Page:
Sen. Murkowski Comments on Plan to Cleanup NPR-A Legacy Wells
Some of the NPR-A Legacy Wells on Alaska's North Slope.
WASHINGTON, D.C. – In response to calls from U.S. Sen. Lisa Murkowski, R-Alaska, the Bureau of Land Management (BLM) today released a draft plan for the cleanup of decades-old exploration wells drilled by the federal government in the National Petroleum Reserve-Alaska (NPR-A).
“After repeated requests, the BLM has finally released a plan to address the ongoing environmental pollution occurring within the NPR-A. That’s a step in the right direction, but I’m concerned that the agency appears to have unilaterally decided that more than half of the wells don’t require remediation. That’s not the federal government’s decision to make – that’s up to the state of Alaska,” Murkowski said.
The BLM draft plan identifies 50 sites that require remediation, and places a priority on just 16 wells for cleanup work.
From 1944 to 1981, the federal government drilled 136 exploratory wells in the NPR-A, and then abandoned them. Only 16 of the 136 wells have been properly plugged, and seven of those were taken care of by the North Slope Borough, not by BLM, which is responsible for the wells. The remaining 120 wells are in various conditions of non-compliance with state law. The drill sites, many of which are contaminated by wood, metal, plastic, glass and concrete debris are also littered with rusting barrels once filled with contaminants.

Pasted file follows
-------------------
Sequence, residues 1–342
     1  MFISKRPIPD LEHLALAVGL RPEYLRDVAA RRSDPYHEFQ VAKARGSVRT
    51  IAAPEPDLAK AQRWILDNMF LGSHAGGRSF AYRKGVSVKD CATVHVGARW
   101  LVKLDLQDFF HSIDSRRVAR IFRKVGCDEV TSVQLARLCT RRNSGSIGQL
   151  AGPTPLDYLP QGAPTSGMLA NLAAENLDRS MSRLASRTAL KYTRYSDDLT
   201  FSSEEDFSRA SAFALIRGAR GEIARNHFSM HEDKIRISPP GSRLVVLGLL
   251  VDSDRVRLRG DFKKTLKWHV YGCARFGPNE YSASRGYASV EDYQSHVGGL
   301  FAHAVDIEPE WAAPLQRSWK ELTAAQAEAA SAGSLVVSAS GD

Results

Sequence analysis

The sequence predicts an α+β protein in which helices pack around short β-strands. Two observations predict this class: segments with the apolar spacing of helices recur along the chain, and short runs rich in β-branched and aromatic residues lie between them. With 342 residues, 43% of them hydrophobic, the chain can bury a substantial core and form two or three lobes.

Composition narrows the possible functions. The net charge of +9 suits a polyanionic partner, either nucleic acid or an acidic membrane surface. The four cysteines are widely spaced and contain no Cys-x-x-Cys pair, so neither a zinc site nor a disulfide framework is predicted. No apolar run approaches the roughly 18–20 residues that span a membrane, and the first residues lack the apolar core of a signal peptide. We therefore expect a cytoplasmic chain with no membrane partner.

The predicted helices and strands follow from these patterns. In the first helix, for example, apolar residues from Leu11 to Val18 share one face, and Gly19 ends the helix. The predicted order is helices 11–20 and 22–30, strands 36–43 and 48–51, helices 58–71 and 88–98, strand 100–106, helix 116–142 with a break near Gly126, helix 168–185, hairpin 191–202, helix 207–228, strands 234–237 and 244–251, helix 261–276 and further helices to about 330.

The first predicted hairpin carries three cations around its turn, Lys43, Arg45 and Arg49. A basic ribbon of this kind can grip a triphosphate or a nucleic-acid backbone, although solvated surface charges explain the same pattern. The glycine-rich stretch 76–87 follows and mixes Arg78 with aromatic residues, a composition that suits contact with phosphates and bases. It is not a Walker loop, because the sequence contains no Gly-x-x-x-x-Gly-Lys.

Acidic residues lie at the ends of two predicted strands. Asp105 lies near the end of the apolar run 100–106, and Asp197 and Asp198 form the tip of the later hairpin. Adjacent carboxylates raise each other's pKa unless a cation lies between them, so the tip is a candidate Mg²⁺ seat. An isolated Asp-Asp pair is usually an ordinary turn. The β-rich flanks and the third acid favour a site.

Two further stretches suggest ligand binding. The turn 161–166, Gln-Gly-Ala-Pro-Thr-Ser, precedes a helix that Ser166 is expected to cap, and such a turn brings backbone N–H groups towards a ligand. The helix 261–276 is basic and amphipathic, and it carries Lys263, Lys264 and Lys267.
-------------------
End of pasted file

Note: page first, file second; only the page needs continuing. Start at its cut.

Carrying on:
“Let me be clear, these wells were drilled by the federal government, so the cleanup is solely the responsibility of the federal government,” Murkowski said. “I expect the federal government to live up to the same high environmental standards that it holds private oil companies to – Alaskans won’t tolerate a double standard.”
On Tuesday, Murkowski called a proposal to make Alaska pay for the cleanup of the federal wells “dead on arrival.” She reminded federal officials that the federal government has earned $9.4 billion from oil and natural gas leasing in Alaska, while the legacy wells have remained an issue.
“While BLM argues it lacks the money to adequately address its responsibilities in Alaska, it continues to seek increased funding for other priorities,” Murkowski said. “My priority is seeing that the federal government fulfills its obligations to Alaska first.”
Murkowski vowed to continue to work with BLM to address the legacy wells and other Alaska priorities, in her role as the ranking member of both the Senate Interior Appropriations Subcommittee and the Energy and Natural Resources Committee.